This is going to be a long essay on how being in a rut can play hell with your mental health. I may break it up into several parts– or maybe not.
When most of us nerds get to be a certain age we’re committed to whatever oddball hobby we’re committed to. Maybe we like baseball statistics. Maybe we like plastic model kits. Maybe it’s coins. Whatever. As old coots, we tend to know WAY too much about ONE THING and we bore the shit out of everybody with that (more than slightly) insane degree of intimacy with a small, meaningless corner of the world.
So we get in a rut. All the wiggling and squirming in Bangkok isn’t going to get you out of that rut unless you deliberately do something radical. If you’ve never fished–give it a try. If you haven’t put pen to paper, then put pen to paper. Do something different or be forever doomed to being known as a one-trick old timer.
But you don’t have to go crazy. Model trains pretend to be on a different planet from “model kits” (ewww!) and so I chose to segue on over to that branch of Davidians because it was 1) cheap and 2) easy to do during The Plague.
I’m learning that as far as “life preparation” is concerned, model trains seem much better than plastic kits. Of course, neither one of them is worth much compared to say, playing sports or learning to cook, but on a certain short scale of usefulness that model train creaks past the plastic kit by a nose.
It’s all about the electricity. When you deal with train models, you deal with Mr. Electron and his band of fictional, yet somehow immensely useful, charged particles. You get dunked in the pool of electrical engineering jargon and that might set a young person off on a career that might save them from having to spend their life a) begging for quarters, or b) writing code. If you know how to solder, you can write yourself a nice paycheck, assuming you aren’t a total dork, in which case maybe that coding job might be your best bet.
Right now I’m learning so much it’s difficult to keep up with it for blogging purposes. I haven’t been in this situation in a long time. Even when I went back to school a few years ago to study prosthetics, I never felt “the old thrill” of true learning (which may explain my failure in that arena). There is something about teaching yourself a new skill that is immensely satisfying. It’s one of those peak experiences and it should not become a thing of the past.
So let’s talk about fifty-year-old electronics. Man, it’s hard to wrap your head around how OLD this equipment is. It’s OLD. Star Trek TOS was STILL IN PRODUCTION when these toy trains were made.
That’s why this stuff is really PRIMITIVE. It’s primeval. Which makes the way it works just that much more impressive.
I said I’d glued my switches, er, “turnouts” together and I was all ready to give up on them, but then I took a good look at them and saw that they CAME APART. In toy train universe, you’re expected to work on your own equipment. So I snapped off the covers and low and behold, they started work after a bit of nudging. Amazing. I think I’ve been trapped in the “don’t give a damn” world of plastic kits for so long I’ve forgotten how it can be, if somebody gives a damn.
Now I have to say something about Germans. As you know, I’m still a bit peeved about German behavior in the last century. But damn, they do make bloody good toy trains. In 1968, at the height of the Cold War, they cared enough to send their very best to the U.S.A. and these products still gleam with precise engineering (for 1968). Of course, you have to work on them. Especially if they have been in use for a while. Remember this phrase: OLD THINGS NEED MAINTENANCE. Old cars. Old people. Old toy trains. ALL need to be given some care and attention.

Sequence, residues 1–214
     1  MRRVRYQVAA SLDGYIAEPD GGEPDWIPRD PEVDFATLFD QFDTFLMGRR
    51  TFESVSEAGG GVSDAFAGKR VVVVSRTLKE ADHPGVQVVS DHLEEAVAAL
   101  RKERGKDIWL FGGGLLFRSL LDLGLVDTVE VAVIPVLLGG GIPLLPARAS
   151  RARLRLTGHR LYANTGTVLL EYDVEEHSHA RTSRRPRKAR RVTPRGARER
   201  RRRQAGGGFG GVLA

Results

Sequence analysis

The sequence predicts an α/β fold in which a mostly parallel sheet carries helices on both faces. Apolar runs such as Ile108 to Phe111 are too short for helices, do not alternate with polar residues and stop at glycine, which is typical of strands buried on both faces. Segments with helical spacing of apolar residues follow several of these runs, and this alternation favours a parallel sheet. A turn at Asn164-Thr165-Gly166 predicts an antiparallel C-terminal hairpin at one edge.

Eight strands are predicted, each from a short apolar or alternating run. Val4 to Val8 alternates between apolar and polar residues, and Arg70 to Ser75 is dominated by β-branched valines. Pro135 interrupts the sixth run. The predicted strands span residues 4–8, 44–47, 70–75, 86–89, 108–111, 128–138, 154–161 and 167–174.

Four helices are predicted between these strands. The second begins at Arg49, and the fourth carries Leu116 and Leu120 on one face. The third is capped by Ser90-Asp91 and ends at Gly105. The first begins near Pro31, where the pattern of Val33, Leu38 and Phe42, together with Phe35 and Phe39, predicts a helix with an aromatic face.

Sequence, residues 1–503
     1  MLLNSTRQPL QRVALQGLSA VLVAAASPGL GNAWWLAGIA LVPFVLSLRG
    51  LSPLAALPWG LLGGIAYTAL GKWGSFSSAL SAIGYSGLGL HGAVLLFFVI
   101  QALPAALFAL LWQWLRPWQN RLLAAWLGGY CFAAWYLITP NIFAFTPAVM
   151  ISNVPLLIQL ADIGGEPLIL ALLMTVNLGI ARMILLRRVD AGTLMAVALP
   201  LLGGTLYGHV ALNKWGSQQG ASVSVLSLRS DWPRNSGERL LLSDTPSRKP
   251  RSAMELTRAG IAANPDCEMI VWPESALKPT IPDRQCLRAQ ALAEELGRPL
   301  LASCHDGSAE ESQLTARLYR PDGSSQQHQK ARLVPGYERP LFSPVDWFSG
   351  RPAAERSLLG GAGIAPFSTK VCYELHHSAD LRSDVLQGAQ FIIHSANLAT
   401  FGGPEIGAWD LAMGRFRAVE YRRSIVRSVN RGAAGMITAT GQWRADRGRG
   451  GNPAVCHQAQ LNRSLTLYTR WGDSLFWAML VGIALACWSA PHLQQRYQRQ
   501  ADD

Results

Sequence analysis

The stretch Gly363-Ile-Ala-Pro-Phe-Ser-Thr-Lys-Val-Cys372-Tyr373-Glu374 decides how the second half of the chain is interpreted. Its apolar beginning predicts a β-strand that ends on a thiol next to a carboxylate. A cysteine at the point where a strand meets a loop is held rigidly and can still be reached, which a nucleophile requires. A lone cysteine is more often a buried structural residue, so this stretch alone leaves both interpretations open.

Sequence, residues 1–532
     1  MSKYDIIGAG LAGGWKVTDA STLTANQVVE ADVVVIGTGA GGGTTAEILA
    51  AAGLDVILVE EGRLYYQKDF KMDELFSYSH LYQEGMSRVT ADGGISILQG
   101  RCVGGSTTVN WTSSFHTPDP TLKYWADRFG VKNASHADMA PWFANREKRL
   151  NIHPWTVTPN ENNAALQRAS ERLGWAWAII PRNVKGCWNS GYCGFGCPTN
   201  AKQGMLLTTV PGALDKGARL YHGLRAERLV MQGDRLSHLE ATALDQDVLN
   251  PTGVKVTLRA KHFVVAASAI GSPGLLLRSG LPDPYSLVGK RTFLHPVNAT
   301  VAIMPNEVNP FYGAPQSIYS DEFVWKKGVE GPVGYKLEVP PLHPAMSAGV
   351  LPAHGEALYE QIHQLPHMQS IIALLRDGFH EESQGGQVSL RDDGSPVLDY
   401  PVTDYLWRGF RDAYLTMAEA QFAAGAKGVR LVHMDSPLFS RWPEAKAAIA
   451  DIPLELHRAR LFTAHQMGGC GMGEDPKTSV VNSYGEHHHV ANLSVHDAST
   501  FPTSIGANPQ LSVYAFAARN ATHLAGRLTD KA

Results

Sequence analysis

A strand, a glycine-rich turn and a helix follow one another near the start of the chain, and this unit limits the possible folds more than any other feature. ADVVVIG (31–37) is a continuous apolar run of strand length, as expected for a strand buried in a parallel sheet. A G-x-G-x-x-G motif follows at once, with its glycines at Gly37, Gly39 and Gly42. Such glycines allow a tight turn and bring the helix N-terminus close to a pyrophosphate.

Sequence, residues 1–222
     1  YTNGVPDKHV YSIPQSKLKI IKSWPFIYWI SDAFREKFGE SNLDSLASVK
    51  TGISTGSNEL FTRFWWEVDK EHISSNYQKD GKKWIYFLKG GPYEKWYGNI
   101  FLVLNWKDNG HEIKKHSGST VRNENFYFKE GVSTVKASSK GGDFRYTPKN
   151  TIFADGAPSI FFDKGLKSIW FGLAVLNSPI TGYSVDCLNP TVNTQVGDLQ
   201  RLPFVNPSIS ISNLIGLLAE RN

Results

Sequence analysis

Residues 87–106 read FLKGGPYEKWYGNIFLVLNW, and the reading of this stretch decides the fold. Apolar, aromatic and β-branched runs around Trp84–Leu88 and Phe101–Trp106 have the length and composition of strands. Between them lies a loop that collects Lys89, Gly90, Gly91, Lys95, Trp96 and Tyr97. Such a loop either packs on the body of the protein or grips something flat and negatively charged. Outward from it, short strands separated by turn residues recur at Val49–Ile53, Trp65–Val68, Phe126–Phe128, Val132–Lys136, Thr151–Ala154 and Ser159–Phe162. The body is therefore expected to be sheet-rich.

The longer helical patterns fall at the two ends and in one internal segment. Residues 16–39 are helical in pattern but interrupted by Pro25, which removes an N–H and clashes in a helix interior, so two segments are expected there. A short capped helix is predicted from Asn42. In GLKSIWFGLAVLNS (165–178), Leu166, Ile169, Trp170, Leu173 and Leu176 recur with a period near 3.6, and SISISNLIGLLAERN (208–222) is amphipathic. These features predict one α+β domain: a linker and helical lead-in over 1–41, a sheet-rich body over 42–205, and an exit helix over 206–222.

This need for “caring” is one major lesson to learned by the youngster that you hope to infect with the train bug. Today, most of what passes for entertainment demands only a tiny bit of caring. This “take care of themselves.” But once upon a time, you had to lubricate it regularly if you wanted it to work. No “sealed bearings.”
Special oil is required for today’s special trains, but I’m feeling that Little Growly needs AT LEAST 3 in 1 oil to keep working. All I know is, If I don’t oil Little Growly, Little Growly stops working. MOST things used to be this way, and learning that many things are STILL this way might give your young Jedi that chance he or she needs to survive in a world full of millennials for whom everything is disposable, and should be.
But some things do need to be disposed of. After fifty years of faithful rotting, they need to be retired. The ability to tell what needs to go and what needs to stay separates the boys from the men.
So, I manned up and dumped the old “transformer” before it morphed into a glistening robot and cleaned my clock.
Enter the “old” ATX power supply.
This power supply was part of “old faithful”– the PC that I used from 2005 to 2016. I wore out XP and Windows 7 on that thing and when the mother board died I put it in the garage…
…to be used to power TOY TRAINS!
Here’s a site that does a wonderful job of explaining how this works:
He does insist on using a resistor to do something that isn’t very clear… but this is the only explanation of this process that I could follow. You see, people who do a lot of soldering and make electronic “things” are usually members of my tribe– the Big Galoot branch of the Nerd Nation. I’ve never been a true member of the Galoots because of my lack of soldering skills, but that soon could change.
Anyway, the Galoots tend to be men of few words and so we lack the ability to ‘splain. We can mansplain, sure, but that means you never find out why you need that resistor.
Anyway, I’m now running my little railroad using power from the old computer’s heart, and it seems fitting.
…to be continued.